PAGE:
With the ICC, where the Associates are concerned, there’s always a sting in the tail.

So last autumn, when they announced the spiffing new structure of one-day competitions to replace the World Cricket League, there was also a passing reference to the Intercontinental Cup, the four-day, first-class competition which the leading Associate nations have been playing in since 2004.

They didn’t, of course, abolish it outright. They’re much cleverer than that. They said that it was up to the Associates themselves to decide whether it should continue. Oh, and they’d have to pay for it themselves.

Linked with the decoupling of ICC Full membership from Test status, this decision – supposedly made after consultation with the members – has had utterly predictable consequences.

No announcement has been made, but nine months on it looks as if what was once one of the high points of the High Performance Program has been quietly buried.

One argument I have heard is that since most Associates have no immediate, and possibly even long-term, ambition to play Test cricket, there is no need for a multi-day format.

Quite apart from whether the lack of aspiration to join the Test ranks is sensible or not, this contention reveals a degree of cricket illiteracy which is absolutely breathtaking in senior cricket administrators.

Gerhard Erasmus of Namibia plays defensively against the UAE during the second day of their Intercontinental Cup match in Windhoek on Sunday 17 September 2017 (Photo: ICC/Helge Schutz)

There is no doubt that they all share the desire to see their national men’s teams prosper on the world stage in the ODI and T20 formats. And where, pray, do they think their Full member opponents have honed the skills they bring to the shorter forms of the game?

In multi-day cricket, that’s where. In two-day club cricket and in the three- or four-day first-class game.

That’s where batsmen have learned the skills which enable them to build an innings, to change gears as the situation of the game requires.

That’s where bowlers develop the necessary stamina and the range of options which they can employ to attack or defend as needed.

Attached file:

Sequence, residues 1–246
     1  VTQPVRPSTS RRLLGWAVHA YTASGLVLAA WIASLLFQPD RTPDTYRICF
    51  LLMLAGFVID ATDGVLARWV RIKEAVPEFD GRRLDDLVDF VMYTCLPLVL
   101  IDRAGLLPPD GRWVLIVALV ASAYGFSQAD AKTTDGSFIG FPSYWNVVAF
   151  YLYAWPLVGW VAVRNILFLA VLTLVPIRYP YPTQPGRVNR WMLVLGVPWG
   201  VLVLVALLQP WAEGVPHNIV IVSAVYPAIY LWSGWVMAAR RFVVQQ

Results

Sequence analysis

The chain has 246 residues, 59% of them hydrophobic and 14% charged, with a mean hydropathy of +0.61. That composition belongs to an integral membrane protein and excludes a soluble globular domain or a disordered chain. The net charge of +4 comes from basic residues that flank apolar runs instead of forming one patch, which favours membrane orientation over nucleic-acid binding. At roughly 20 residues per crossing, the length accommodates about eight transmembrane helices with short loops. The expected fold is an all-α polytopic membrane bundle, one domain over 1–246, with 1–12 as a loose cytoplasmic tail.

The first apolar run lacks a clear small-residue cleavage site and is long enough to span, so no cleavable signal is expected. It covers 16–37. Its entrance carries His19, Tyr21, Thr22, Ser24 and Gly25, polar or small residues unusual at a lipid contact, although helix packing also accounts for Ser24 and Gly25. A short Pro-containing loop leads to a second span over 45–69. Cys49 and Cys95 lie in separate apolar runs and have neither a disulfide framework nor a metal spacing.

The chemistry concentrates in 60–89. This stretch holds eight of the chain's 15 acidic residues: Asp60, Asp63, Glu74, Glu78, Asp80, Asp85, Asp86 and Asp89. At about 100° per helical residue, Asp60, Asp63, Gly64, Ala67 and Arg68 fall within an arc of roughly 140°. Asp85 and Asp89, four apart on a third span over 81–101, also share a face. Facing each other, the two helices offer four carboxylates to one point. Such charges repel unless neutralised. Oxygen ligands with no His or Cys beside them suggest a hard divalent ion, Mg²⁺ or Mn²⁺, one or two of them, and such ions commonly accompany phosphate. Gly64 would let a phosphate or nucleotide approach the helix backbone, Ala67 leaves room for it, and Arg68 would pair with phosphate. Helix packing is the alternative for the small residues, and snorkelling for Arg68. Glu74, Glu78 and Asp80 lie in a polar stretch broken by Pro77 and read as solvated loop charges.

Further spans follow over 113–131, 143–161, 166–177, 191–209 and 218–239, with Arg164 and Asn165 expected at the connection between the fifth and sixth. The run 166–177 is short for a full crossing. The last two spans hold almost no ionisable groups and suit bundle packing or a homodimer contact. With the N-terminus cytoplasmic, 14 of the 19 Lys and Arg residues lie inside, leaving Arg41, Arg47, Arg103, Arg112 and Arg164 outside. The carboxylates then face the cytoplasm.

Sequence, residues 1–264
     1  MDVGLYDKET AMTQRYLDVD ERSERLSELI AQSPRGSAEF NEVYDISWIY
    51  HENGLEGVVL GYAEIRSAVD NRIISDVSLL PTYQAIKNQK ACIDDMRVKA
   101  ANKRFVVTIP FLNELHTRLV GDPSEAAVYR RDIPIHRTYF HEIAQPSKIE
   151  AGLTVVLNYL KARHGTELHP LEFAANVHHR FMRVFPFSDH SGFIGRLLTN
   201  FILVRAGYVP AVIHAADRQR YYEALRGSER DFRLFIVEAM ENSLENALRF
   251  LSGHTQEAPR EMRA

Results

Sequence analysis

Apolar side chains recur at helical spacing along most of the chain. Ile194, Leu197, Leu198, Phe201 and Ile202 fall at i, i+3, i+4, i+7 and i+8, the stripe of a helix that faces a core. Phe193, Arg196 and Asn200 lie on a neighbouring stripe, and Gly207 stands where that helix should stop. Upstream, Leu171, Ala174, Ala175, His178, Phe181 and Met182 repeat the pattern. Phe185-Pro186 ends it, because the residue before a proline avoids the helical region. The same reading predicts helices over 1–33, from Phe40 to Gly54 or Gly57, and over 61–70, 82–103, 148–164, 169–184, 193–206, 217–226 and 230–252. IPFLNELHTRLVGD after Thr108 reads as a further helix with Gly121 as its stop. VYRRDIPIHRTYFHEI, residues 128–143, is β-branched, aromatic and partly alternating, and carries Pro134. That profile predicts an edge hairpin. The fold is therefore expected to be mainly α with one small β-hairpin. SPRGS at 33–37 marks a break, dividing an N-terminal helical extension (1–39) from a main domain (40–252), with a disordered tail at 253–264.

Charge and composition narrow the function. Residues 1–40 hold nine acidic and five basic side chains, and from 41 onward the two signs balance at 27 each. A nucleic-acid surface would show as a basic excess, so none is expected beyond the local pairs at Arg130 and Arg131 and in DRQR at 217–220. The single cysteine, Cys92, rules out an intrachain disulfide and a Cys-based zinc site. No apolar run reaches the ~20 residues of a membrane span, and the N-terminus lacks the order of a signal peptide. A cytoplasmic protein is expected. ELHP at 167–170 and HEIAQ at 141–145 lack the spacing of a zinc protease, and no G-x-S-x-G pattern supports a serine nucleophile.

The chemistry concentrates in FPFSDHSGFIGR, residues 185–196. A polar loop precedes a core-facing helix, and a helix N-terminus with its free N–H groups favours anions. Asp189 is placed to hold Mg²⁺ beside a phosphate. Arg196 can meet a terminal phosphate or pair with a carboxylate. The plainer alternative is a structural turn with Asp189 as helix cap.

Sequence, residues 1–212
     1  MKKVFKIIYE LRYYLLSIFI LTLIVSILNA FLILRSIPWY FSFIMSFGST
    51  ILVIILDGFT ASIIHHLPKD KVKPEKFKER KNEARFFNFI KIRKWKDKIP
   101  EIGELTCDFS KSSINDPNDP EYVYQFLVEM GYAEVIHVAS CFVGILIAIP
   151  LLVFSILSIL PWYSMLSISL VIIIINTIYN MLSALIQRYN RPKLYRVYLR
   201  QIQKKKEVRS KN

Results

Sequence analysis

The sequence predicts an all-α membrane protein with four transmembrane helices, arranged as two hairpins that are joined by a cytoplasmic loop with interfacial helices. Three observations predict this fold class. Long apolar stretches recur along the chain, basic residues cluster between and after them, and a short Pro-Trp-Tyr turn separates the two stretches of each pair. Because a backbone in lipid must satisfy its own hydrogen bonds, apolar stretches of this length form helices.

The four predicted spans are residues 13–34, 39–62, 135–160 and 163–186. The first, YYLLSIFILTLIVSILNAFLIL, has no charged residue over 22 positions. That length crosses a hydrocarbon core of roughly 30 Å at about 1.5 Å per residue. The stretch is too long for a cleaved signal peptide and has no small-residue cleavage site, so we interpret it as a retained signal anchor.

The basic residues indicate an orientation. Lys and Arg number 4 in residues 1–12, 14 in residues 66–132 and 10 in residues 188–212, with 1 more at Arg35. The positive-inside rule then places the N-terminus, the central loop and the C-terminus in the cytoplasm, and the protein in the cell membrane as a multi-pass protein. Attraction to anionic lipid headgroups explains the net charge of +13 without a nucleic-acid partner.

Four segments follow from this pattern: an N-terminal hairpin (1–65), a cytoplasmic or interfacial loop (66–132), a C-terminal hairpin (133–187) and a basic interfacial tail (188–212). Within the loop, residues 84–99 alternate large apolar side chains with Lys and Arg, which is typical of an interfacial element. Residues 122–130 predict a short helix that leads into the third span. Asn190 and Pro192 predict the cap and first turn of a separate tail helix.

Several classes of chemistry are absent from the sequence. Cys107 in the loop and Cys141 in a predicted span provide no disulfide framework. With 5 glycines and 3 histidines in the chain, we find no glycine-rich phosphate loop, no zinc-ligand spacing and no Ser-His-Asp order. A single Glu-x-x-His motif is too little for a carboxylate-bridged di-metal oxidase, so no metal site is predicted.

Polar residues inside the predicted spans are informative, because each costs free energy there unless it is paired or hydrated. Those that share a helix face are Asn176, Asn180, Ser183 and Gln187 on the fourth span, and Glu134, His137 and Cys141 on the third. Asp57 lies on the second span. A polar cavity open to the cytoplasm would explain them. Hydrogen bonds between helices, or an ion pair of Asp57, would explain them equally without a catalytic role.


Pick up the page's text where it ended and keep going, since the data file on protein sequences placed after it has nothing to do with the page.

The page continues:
And that’s where captains can experiment with imaginative field settings and smart bowling changes, all of which are necessary if the shorter forms are not to be, as they all too often are, mind-numbingly formulaic.

It is, of course, a two-way street: many of the new skills which have been developed in one-day and especially in T20 cricket – the ramp shots and a range of reverse strokes, the greater variety of slower balls and yorkers, the accuracy of direct hits from all angles and distances, the spectacular fielding on the boundary – now grace the first-class game as well.

But if you don’t understand that much of the basis of the sport is necessarily developed in the fertile nursery of the multi-day game, then you don’t really understand cricket at all.

The coaches and high performance managers no doubt understand it; they are mostly former professional cricketers, who in many cases themselves grew up in the longer format, playing two-day grade cricket before they graduated into the three-day or four-day first-class game.

But they also have to operate within the realities of chronically-underfunded Associates cricket, where a decision to play a four-day competition means a lot less money to spend on other, superficially more attractive priorities.

Over thirteen years the Intercontinental Cup provided a vital nursery, and the effect is obvious: the two Associates who won the last six editions, Ireland and Afghanistan, have now been admitted to what is essentially a Second Division of Test cricket.

But the decision of the ICC, almost at the same moment, to withdraw ear-marked funding for the ICup makes it much less likely that the other top Associates, like Scotland, the Netherlands, Nepal, Namibia or the United States, will develop in comparable ways.

Perhaps that’s the intention. It certainly looks as if the ICC is hell-bent on abandoning the vision which the late Bob Woolmer promoted so effectively and which Dave Richardson once appeared to support, a key element of which was the creation of the Intercontinental Cup.

Allowing it to die, insisting upon a 10-team ‘World Cup’, maintaining the smoke-and-mirrors set-up in which most qualifiers are kept out of the World T20 tournament proper, and ensuring that the Full Members continue to absorb an ever-greater share of revenue, are all part of a pattern which belies the ICC’s claims that it is fostering the global development of the game.

The Intercontinental Cup was an integral part of the development strategy the ICC once espoused. It must not be allowed to die.

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